Congressional lawmakers plan to probe how Hawaii officials sent an erroneous emergency alert to its citizens’ smartphones warning of an incoming ballistic missile — and what the United States government can do to prevent another, similar mishap.
The scrutiny will come in the form of a hearing before the House Energy and Commerce Committee, which announced Tuesday that it would convene a session “in the coming weeks” to question the Federal Communications Commission on a host of issues — including an incident that left countless people in Hawaii fearful for their lives.
“A reliable and strong communications service can save lives during a disaster, but the public needs to be able to trust that the emergency alert they receive is legitimate,” said Republican Reps. Greg Walden and Marsha Blackburn and Democratic Reps. Frank Pallone and Mike Doyle in a joint statement.
“We need to make sure that a mistake like what happened in Hawaii never happens again,” the lawmakers said. “The upcoming hearing will be an important opportunity to hear from [FCC] commissioners as they continue to investigate the incident.”
Hawaii officials initially set out this weekend to test their state’s emergency preparedness, as fears about the nuclear standoff between the U.S. and North Korea intensify. Instead, they ended up sending out false alerts about an incoming missile to residents’ smartphones — and sounded alarms on locals TVs — that explicitly said it was “not a drill.”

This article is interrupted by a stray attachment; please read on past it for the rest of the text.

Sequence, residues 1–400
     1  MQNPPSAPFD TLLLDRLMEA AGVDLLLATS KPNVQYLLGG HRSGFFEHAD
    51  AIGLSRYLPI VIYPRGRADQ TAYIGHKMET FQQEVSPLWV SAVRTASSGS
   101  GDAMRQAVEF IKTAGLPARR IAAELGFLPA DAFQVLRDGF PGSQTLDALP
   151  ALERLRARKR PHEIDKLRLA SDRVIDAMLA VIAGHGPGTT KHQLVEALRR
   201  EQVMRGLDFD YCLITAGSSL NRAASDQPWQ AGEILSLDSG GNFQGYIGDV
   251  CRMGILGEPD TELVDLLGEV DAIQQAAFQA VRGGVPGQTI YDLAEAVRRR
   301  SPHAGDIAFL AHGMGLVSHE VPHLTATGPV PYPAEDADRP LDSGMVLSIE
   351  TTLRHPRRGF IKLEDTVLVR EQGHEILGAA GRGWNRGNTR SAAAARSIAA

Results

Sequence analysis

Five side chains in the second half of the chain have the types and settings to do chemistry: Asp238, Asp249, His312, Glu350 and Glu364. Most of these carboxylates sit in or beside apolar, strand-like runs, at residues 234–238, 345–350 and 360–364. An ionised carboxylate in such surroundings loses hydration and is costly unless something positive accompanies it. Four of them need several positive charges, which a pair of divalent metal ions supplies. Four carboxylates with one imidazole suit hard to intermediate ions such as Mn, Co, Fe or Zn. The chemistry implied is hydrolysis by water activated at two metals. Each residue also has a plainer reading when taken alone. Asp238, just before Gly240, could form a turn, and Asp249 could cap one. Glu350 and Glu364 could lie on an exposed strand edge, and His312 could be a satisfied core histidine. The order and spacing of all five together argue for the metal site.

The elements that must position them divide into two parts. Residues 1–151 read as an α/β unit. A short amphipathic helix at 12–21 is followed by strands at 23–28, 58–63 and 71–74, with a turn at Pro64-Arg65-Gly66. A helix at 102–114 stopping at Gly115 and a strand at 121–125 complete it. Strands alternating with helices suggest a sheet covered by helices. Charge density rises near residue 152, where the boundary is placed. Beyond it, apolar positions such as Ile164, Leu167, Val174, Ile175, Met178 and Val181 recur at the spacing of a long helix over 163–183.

The message prompted widespread panic, before federal lawmakers acknowledged — at first, through Twitter — that it had been sent by mistake. Still, it took the state’s government more than a half hour to send another, updated smartphone alert with correct information. The entire fiasco drew sharp rebukes from policymakers like Democratic Sen. Brian Schatz, who later called for “accountability.”
At the FCC, meanwhile, Chairman Ajit Pai immediately announced an investigation. “Based on the information we have collected so far, it appears that the government of Hawaii did not have reasonable safeguards or process controls in place to prevent the transmission of a false alert,” Pai said in a statement Sunday.
“Federal, state, and local officials throughout the country need to work together to identify any vulnerabilities to false alerts and do what’s necessary to fix them,” Pai continued. “We also must ensure that corrections are issued immediately in the event that a false alert does go out.”
The inquiry comes at a time when the agency already had planned to update the country’s wireless emergency alert system. The FCC does not send those loud updates, but it does write the technical rules for them — and regulators have sought to ensure that first responders can send more narrowly tailored, multimedia-friendly updates in times of crisis.
This article originally appeared on Recode.net.